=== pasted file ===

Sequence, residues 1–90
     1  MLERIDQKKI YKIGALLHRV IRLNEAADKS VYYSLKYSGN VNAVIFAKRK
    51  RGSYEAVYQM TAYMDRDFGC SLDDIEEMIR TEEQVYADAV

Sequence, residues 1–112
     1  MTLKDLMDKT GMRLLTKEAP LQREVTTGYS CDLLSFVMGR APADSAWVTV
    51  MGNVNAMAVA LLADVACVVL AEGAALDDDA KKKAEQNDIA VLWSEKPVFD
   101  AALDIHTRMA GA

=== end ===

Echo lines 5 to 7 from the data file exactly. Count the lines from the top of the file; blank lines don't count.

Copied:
     1  MTLKDLMDKT GMRLLTKEAP LQREVTTGYS CDLLSFVMGR APADSAWVTV
    51  MGNVNAMAVA LLADVACVVL AEGAALDDDA KKKAEQNDIA VLWSEKPVFD
   101  AALDIHTRMA GA